One despairs when a sober institution gets ahead of itself, usually because they make hiring mistakes, and start to think they know stuff. This is an organisation that is steeped in statistical analysis and should have a very good idea of empirical regularities. They know that interest rates have been “essentially zero” in Japan since the 1990s and they know that what hasn’t happened as a consequence. They know that central banks have been “expanding their balance sheets” (now “collectively at … three times their pre-crisis level”) and what hasn’t happened as a consequence (inflation). But as the neo-liberal paradigm has concentrated its control of the policy debate, this organisation has morphed from playing a useful role as a coordinator of central banking into a propaganda unit pumping out misinformation and outright lies and distorting the public debate. Welcome to the Bank of International Settlements, which is now firmly ensconced with the likes of the IMF, the OECD, the ECB, the EU, the World Bank, and others as being part of the problem the World economy faces.
On June 23, 2013, the BIS released its – 83rd BIS Annual Report 2012/2013 – and it would have done better to have scrapped this year’s release and let the economists in question go skiing or something.
I should add that I have loved reading the historical BIS Annual Reports which are available in the – Annual Report Archive – from 1931 to 1996. They are very useful if you are seeking a detailed discussion with data of the Great Depression period and the Bretton Woods period.
But the BIS has changed its colours as time has passed and is now neo-liberal central. That makes it a major part of the problem given its place in the world financial system.
This 204-page report is full of ideological assertions and policy advice that if followed would be impossible to achieve and in trying to achieve the impossible any government that takes their advice will destroy prosperity in their nations.
We read that the goal of policymakers is to “to return still-sluggish economies to strong and sustainable growth”. In that context, the BIS provides the only reasonable assessment of the entire report – that monetary policy is unable to achieve that aim.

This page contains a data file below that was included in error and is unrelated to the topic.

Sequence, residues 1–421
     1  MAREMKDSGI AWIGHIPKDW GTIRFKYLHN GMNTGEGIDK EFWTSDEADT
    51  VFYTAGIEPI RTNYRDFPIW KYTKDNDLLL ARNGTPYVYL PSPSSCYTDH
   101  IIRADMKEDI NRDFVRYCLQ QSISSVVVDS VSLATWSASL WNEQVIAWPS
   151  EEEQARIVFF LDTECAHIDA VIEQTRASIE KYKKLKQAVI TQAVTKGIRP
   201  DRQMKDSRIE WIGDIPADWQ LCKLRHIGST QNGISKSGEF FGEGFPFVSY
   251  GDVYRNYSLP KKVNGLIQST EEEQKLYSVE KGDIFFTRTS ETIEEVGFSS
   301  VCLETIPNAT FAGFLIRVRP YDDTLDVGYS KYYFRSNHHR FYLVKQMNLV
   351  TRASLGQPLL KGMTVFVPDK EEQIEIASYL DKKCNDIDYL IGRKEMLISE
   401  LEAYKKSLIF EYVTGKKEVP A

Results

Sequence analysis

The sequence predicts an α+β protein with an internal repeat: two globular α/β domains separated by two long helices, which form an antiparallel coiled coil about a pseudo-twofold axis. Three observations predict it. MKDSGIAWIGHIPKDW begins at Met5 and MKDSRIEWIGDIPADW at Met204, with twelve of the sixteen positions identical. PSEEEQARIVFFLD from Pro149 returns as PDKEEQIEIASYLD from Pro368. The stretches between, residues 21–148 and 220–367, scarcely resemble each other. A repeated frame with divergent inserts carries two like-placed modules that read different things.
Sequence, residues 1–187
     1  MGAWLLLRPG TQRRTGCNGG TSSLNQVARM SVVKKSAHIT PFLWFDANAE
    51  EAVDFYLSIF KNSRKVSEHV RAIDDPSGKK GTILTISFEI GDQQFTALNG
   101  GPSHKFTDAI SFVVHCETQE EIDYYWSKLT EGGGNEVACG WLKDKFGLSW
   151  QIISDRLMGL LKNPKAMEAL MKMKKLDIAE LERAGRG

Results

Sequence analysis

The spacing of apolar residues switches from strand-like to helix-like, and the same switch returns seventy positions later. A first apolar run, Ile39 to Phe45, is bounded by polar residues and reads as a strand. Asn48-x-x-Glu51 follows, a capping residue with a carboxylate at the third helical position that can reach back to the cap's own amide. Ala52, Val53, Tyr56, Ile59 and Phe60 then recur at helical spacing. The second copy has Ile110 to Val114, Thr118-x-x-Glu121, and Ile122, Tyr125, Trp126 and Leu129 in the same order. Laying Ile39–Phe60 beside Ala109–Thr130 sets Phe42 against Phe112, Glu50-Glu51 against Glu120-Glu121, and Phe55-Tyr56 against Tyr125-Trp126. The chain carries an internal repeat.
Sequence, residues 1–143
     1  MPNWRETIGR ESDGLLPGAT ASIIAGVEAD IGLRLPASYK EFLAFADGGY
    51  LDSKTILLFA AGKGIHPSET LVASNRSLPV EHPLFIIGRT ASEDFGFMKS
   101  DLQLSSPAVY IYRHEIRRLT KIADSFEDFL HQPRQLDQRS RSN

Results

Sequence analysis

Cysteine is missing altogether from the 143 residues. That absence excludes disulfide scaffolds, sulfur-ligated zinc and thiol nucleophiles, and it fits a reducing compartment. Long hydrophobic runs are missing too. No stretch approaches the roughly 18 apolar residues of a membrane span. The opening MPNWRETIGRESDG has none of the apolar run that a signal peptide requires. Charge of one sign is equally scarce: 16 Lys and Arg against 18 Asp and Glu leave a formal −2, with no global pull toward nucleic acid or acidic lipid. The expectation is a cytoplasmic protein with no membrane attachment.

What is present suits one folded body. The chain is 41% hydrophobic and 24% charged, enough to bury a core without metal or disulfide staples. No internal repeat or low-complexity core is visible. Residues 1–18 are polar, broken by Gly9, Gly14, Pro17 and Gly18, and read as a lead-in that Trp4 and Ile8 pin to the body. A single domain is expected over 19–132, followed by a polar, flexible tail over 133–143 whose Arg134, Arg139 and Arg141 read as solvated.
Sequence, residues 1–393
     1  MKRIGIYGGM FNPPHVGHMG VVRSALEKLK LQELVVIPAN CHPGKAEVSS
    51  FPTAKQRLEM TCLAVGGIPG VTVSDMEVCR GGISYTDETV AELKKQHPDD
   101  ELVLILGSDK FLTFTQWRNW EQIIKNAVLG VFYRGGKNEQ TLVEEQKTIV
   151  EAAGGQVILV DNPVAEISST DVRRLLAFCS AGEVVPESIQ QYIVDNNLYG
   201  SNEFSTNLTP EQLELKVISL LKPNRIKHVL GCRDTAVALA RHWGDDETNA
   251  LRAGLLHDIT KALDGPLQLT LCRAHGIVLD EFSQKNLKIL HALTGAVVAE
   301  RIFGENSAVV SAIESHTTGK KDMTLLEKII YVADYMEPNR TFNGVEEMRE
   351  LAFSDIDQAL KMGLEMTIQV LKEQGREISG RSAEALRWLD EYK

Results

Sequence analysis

In their view, monetary policy is now powerless because:
Central banks cannot repair the balance sheets of households and financial institutions. Central banks cannot ensure the sustainability of fiscal finances. And, most of all, central banks cannot enact the structural economic and financial reforms needed to return economies to the real growth paths authorities and their publics both want and expect.
Indeed, they cannot (mostly). And one of the things we will be able to conclude from the experience of the last five years is that the mainstream faith in the effectiveness of monetary policy in terms of stimulating aggregate economic activity was misplaced.
We also have enough evidence now to conclude that the corollary of that misplaced faith – that the use of fiscal policy as a counter stabilisation tool is dangerous or totally ineffective – was similarly a flawed proposition.
We have learned that fiscal policy has been very effectiveness – both in terms of stimulating demand when governments introduced stimulus packages and in terms of destroying jobs and national income growth when misguided governments, believing these mainstream myths, chose to pursue fiscal austerity.
The mainstream promotion of monetary policy as the primary counter stabilisation policy tool (with fiscal policy being a passive player leaning towards austerity) is the legacy of the failed Monetarist experiment in the 1980s.
Claiming monetary policy was highly effective (despite no serious evidence to support that proposition) and fiscal policy was ineffective (again in denial of the facts) was an important strategic plank for the conservatives.
It allowed them to limit the discretion of the elected representatives of the people and transfer economic management to central bankers who are unelected and largely unaccountable. They tightened the straitjacket on democratic choice by imposing so-called fiscal rules, which are nothing more than arbitrary ideological constraints on the capacity of government to adopt flexible policy choices to changing circumstances.
Part of the straitjacket and shifting of economic policy management was also evidenced by the rise of so-called fiscal commissions – faceless, unelected people who think we are so stupid that their ideological diatribes on fiscal consolidation should be taken seriously. But the intent is clear – these commissions are used to place political pressure on the elected government to adopt austerity measures and transfer real income to the top-end-of-town at the expense of the disadvantaged, fragile and poor citizens.